To determine whether the membrane cholesterol distribution is associated with the increased activity of sodium–lithium countertransport in the erythrocytes of normocholesterolaemic and hypercholesterolaemic patients with untreated essential hypertension.
Erythrocytes were prepared from venous blood samples obtained from normotensive subjects and hypertensive (normocholesterolaemic and hypercholesterolaemic) patients. The membrane cholesterol distribution between the inner and outer monolayers was measured by means of cholesterol oxidation to cholestenone after continuous cholesterol oxidase treatment. The sodium-lithium countertransport activity was determined by measurements of external sodium (150mmol/l)-stimulated lithium efflux. The statistical analysis was conducted by analysis of variance with Tukey's correction and correlations were performed by linear regression analysis using Pearson's correlation coefficient.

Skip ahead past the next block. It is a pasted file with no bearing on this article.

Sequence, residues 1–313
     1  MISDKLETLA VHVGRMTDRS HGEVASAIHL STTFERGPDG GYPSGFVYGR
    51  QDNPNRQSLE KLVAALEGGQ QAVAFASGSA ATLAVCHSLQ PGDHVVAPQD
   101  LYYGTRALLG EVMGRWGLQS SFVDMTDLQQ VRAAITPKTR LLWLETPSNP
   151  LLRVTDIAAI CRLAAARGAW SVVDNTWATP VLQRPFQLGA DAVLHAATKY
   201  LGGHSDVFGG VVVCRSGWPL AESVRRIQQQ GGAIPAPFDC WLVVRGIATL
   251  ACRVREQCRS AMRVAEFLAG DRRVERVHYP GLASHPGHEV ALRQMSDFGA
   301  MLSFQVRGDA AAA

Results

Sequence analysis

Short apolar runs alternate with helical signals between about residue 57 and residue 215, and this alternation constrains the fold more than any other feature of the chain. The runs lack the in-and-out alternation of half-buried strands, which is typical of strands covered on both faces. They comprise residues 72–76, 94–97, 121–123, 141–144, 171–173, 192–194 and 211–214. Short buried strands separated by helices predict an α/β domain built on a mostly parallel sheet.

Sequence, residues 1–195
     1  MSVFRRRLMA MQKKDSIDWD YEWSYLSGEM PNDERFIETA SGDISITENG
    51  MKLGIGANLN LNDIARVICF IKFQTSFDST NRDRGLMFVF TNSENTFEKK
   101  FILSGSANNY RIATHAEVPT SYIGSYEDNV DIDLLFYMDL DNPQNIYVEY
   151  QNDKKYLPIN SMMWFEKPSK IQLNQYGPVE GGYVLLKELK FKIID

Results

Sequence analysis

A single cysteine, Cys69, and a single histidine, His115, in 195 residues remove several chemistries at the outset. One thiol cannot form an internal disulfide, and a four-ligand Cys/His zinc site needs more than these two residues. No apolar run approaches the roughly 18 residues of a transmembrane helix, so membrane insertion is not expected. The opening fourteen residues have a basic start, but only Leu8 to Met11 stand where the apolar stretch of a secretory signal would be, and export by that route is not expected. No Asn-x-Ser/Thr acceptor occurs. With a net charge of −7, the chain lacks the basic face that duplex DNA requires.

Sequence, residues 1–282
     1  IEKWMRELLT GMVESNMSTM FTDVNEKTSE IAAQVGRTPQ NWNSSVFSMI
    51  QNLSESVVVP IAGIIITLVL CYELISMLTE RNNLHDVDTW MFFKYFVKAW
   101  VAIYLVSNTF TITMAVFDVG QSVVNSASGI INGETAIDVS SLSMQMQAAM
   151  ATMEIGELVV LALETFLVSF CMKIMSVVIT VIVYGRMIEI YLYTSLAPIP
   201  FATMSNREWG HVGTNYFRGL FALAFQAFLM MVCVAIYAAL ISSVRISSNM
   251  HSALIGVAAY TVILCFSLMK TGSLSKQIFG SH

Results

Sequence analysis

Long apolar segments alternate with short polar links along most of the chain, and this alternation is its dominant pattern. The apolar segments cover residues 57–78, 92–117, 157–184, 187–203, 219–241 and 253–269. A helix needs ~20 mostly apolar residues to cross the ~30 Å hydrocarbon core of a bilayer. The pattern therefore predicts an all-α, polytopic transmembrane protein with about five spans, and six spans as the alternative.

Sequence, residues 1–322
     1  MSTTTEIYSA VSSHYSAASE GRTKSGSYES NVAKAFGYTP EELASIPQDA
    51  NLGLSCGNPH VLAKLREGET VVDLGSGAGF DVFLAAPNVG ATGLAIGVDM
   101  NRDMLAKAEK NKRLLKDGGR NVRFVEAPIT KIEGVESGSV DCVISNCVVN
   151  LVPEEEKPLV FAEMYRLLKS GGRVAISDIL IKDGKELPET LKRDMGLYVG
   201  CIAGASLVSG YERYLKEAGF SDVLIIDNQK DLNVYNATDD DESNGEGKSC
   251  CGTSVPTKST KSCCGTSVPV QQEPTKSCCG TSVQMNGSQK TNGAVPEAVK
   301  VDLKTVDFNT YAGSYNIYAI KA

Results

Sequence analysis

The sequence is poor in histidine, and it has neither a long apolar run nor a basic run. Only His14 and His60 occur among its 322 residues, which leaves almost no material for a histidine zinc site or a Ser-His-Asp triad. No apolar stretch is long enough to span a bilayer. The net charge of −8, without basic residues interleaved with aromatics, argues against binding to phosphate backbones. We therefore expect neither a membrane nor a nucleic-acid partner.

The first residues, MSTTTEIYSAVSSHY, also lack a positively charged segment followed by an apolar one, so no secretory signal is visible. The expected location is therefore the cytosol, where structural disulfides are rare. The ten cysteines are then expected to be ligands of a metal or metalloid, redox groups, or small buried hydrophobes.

The half-times for cholesterol oxidation were significantly higher in patients with untreated essential hypertension, either with (25.4±5.6 min) or without (21.7±2.9 min) concomitant hypercholesterolaemia, than in the controls (15.3±2.8 min). Sodium–lithium countertransport activities were also higher in the hypertensive patients (0.410±0.094 and 0.304±0.037 mmol/h per litre cell for the hypercholesterolaemic and normocholesterolaemic groups, respectively) than in the controls (0.262±0.081 mmol/h per litre cell). In single-regression analysis, the half-time for membrane cholesterol oxidation was positively correlated to the erythrocyte cation flux mediated by the sodium–lithium countertransport.
It is hypothesized that the sodium–lithium countertransport activity might be influenced by membrane structural cholesterol domains.
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